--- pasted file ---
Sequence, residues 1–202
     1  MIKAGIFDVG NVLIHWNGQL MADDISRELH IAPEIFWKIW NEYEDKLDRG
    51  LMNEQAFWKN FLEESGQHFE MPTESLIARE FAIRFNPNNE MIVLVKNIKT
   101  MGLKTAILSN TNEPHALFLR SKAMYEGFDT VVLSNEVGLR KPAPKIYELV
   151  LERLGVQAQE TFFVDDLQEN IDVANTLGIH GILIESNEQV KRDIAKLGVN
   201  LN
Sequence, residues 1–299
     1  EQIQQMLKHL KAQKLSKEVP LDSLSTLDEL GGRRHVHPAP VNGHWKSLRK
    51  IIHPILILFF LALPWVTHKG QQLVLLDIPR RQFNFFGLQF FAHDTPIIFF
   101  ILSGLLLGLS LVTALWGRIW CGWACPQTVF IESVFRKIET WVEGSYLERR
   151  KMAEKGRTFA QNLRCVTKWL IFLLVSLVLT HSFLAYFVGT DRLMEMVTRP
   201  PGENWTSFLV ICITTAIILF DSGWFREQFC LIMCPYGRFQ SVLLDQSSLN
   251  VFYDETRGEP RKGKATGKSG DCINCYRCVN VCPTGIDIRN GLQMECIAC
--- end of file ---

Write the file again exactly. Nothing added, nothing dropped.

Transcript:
Sequence, residues 1–202
     1  MIKAGIFDVG NVLIHWNGQL MADDISRELH IAPEIFWKIW NEYEDKLDRG
    51  LMNEQAFWKN FLEESGQHFE MPTESLIARE FAIRFNPNNE MIVLVKNIKT
   101  MGLKTAILSN TNEPHALFLR SKAMYEGFDT VVLSNEVGLR KPAPKIYELV
   151  LERLGVQAQE TFFVDDLQEN IDVANTLGIH GILIESNEQV KRDIAKLGVN
   201  LN
Sequence, residues 1–299
     1  EQIQQMLKHL KAQKLSKEVP LDSLSTLDEL GGRRHVHPAP VNGHWKSLRK
    51  IIHPILILFF LALPWVTHKG QQLVLLDIPR RQFNFFGLQF FAHDTPIIFF
   101  ILSGLLLGLS LVTALWGRIW CGWACPQTVF IESVFRKIET WVEGSYLERR
   151  KMAEKGRTFA QNLRCVTKWL IFLLVSLVLT HSFLAYFVGT DRLMEMVTRP
   201  PGENWTSFLV ICITTAIILF DSGWFREQFC LIMCPYGRFQ SVLLDQSSLN
   251  VFYDETRGEP RKGKATGKSG DCINCYRCVN VCPTGIDIRN GLQMECIAC